I see any legislation crafted at the hands of predatory reformers as little better than the treaties offered to the indigenous nations at the hands of the US government. They were treaties made and they were treaties were broken over and over again. When the mighty and powerful want something, they will promise anything for appeasement…and still take what they want.  We must reject the legitimacy of power brokers, stock brokers, and thieves cashing in on your children. How? REFUSE IT ALL.

REFUSE to give them legitimacy. REFUSE to concede your power to them. REFUSE their shady promises and empty rhetoric. REFUSE the myths we have been spoon fed for generations that standardized testing will protect our children from the ravages of poverty and racism. REFUSE to play THEIR game. REFUSE a seat at their table. Let’s flip their table over and build our own.

It’s your right to revolt by your refusal, and it is, as Hedges suggests, “our moral imperative” to do so- do we have the collective will to grab the brass ring? Are we ready to stop asking “mother may I?” Are we ready to end our dependency on those in so-called power to make changes that would demand they operate counter to their own self interest?  THAT will never happen because as Chomsky suggests, “such ideals as democracy and the market are well and good, as long as the tilt of the playing field guarantees the right folks win.”

Are we ready to take actions that will dismantle the entire system of corruption and claim it for ourselves, our teachers and our children? We have the knowledge. We have the means. We have the resources. We don’t NEED to wait until we are comfortably placed into positions of power bending the ears of so called powerful people. WE are in the position of power. WE are the powerful people. The only thing we still need now is the undeniable belief in ourselves that we can and will take it from them.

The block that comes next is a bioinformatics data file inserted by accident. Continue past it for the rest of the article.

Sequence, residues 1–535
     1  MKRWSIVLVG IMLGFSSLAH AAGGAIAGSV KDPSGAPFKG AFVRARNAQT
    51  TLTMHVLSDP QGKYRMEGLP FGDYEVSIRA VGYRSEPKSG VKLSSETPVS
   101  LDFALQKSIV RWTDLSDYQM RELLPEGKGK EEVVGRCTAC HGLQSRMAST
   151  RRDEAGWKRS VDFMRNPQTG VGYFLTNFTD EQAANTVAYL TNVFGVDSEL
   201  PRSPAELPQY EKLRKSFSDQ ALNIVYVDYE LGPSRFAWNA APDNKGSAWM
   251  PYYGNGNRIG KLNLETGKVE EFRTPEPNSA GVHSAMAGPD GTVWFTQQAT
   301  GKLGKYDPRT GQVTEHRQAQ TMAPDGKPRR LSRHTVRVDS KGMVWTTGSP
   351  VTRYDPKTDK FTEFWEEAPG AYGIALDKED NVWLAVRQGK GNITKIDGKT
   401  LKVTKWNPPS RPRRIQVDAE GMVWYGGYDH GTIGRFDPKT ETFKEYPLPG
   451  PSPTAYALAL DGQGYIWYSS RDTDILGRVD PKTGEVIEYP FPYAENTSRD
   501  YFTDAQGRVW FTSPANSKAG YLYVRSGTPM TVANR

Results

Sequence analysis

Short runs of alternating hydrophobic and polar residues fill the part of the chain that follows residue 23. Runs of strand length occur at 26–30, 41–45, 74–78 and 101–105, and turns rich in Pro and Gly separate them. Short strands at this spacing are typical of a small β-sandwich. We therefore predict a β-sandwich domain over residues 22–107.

Are you ready for the revolution?

(A special thinks to the BATS for inviting me to the BATS Congress July 24th where i presented this keynote address).

Published by educationalchemy

Morna McDermott has been an educator for over twenty years in both k-12 and post secondary classrooms. She received her doctorate in education, with a dissertation focus on arts-based educational research, from The University of Virginia in 2001. Morna's teaching, scholarship, and activism center around the ways in which creativity, art, social justice, and democracy can transform education and empower communities. She is currently a Professor of Education at Towson University.

2 thoughts on “Reflections on hegemony and revolution: A conflicting narrative of hope and skepticism

  1. Amen, Morna! The power is always in the people, the difficulty is in waking the people up to realize they have this power, then encouraging them to wield it! Over a lifetime of enculturation regarding hegemony, citizens experience extreme cognitive dissonance in casting off invisible shackles of oppression we ironically feel more comforted than constrained by. Embracing change which serves our best interest seems foreign to most, yet intuitive to the the few of us who insist upon choosing a steady diet of justice, compassion, and righteous indignation. In a sense, we are all Dorothy in the Wizard of Oz; the challenge is rousing others from their slumber to realize clicking the ruby red slippers upon their feet are all that’s required to whisk them back to Home, Sweet Home. Thank you Morna for continuing to waive your wand, slowly, but steadily, people are awakening!